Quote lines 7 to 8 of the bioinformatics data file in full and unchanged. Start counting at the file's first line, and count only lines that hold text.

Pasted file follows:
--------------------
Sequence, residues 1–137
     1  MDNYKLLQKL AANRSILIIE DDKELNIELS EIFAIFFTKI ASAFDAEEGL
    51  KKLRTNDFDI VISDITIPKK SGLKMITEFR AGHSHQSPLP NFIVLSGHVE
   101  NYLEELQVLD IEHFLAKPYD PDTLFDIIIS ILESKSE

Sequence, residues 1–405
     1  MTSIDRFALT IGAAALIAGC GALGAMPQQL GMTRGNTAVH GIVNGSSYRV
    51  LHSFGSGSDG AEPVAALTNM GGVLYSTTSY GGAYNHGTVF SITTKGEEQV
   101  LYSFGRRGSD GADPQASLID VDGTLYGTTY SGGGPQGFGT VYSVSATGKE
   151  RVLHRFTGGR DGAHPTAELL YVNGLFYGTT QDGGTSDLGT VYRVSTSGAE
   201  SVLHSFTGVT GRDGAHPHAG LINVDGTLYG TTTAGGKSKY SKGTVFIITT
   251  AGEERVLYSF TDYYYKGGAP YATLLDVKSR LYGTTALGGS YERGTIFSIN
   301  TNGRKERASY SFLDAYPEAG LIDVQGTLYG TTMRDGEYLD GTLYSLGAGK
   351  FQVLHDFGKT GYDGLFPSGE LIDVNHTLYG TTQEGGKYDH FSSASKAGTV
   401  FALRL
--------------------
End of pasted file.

    51  LHSFGSGSDG AEPVAALTNM GGVLYSTTSY GGAYNHGTVF SITTKGEEQV
   101  LYSFGRRGSD GADPQASLID VDGTLYGTTY SGGGPQGFGT VYSVSATGKE